By People Staff
October 29, 1979 12:00 PM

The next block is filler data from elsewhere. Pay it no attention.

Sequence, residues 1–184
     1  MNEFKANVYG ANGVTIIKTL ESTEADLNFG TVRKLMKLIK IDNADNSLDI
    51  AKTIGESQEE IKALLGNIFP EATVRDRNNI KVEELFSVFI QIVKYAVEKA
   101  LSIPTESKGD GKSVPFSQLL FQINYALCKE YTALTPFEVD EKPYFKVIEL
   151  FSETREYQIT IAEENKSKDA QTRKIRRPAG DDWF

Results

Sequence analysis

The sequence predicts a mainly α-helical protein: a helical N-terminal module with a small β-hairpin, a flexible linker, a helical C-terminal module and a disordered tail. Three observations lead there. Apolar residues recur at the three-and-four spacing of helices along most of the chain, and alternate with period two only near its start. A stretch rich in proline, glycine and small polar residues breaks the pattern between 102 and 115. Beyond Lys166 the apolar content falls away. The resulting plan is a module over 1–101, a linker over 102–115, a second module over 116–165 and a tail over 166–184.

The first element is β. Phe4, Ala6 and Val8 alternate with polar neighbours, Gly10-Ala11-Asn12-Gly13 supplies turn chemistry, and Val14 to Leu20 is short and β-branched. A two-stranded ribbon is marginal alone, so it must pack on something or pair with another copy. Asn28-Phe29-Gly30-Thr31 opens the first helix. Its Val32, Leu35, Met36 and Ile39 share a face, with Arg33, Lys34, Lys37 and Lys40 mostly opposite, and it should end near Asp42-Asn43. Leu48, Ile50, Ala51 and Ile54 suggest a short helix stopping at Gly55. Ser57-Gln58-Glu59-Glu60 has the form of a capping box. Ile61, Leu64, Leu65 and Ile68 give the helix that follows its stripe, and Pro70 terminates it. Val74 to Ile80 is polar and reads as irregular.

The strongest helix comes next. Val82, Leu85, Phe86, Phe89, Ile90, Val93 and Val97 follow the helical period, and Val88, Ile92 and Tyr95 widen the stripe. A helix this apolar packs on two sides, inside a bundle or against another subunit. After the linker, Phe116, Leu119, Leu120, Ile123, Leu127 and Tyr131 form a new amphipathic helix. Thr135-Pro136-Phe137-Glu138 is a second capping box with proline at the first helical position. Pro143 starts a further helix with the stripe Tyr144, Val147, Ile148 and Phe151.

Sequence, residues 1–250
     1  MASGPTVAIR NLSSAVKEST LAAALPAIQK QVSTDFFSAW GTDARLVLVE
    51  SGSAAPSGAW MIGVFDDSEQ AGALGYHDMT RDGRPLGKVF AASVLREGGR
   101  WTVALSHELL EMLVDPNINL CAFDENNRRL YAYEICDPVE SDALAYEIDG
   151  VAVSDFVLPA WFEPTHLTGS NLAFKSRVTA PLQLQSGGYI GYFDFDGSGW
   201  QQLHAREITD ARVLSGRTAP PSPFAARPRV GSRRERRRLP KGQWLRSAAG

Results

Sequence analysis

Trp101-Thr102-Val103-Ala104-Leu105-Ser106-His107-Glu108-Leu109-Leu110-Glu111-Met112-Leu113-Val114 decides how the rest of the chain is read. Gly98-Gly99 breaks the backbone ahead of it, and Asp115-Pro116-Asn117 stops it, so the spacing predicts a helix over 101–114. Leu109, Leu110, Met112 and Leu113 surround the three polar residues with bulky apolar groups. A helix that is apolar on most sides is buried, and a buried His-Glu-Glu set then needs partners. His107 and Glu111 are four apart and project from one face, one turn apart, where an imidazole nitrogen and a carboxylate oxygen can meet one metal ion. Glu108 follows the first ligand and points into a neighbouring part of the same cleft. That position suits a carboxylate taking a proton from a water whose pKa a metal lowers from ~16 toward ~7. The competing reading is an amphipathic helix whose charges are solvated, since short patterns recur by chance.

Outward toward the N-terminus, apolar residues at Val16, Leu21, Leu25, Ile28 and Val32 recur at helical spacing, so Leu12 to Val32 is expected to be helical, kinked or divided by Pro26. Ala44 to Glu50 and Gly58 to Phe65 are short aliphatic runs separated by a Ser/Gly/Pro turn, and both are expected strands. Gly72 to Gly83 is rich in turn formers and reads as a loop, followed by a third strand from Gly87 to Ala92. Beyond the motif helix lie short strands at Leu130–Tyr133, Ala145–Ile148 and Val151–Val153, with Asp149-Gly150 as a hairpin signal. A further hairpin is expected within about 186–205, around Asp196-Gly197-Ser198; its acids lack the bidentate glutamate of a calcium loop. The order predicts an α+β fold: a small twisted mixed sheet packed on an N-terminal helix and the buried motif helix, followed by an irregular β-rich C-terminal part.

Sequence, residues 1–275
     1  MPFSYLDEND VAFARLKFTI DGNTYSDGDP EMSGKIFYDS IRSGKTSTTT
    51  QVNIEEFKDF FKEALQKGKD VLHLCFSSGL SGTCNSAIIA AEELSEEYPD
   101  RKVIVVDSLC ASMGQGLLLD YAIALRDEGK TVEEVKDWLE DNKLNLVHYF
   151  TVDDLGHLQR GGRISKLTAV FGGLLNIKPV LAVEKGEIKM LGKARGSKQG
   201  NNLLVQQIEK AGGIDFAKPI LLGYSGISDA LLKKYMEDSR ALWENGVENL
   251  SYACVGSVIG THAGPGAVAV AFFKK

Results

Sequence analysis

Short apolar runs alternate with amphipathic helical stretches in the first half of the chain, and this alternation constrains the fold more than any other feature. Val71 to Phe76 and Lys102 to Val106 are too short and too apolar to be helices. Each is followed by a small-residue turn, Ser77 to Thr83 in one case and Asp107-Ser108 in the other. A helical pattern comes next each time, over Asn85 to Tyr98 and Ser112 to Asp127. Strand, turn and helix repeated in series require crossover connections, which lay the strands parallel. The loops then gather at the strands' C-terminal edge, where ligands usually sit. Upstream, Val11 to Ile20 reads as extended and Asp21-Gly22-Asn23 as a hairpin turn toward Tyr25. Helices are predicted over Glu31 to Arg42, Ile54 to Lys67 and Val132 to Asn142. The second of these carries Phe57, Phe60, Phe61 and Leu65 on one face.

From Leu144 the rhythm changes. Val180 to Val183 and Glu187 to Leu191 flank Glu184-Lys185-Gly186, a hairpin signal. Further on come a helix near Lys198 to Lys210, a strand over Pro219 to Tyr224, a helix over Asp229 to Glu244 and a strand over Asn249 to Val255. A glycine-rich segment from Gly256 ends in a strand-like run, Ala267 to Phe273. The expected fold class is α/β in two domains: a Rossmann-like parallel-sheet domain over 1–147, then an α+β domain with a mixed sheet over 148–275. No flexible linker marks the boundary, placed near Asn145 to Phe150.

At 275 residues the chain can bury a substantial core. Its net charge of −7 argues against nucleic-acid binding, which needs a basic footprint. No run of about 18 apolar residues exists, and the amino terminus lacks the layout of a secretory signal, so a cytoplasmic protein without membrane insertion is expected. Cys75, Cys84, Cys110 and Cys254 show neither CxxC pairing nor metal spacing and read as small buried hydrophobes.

It’s no coincidence that this comedy about American students in Paris resembles American Graffiti Willard Huyck and Gloria Katz—who wrote that film for George Lucas—produced, scripted and directed this one. It is mostly a series of very predictable vignettes. In typical segments, the head of “The Institute of French Studies” can’t keep from telling churlish Yanks, “Back to America, Bozo,” and an introverted U.S. boy prefers to see French-dubbed reruns of Star Trek on TV instead of exploring Paris. Meanwhile, an older French woman is bent on seduction. The cast is appealing enough to make up for the obvious plot. The students include Miles (Hair) Chapin, Blanche (Holocaust) Baker and David Marshall Grant. Marie-France Pisier, who survived The Other Side of Midnight, is charming as co-director of the institute. But the discovery of the movie is young Valerie Quennessen, a witty, disarmingly lovely French actress who plays Chapin’s amie. (Valérie, who speaks only slightly accented English because her mother grew up in Brooklyn during the Occupation, could have a spectacular career ahead.) This sort of film doesn’t make you any wiser; it just makes you feel better. (PG)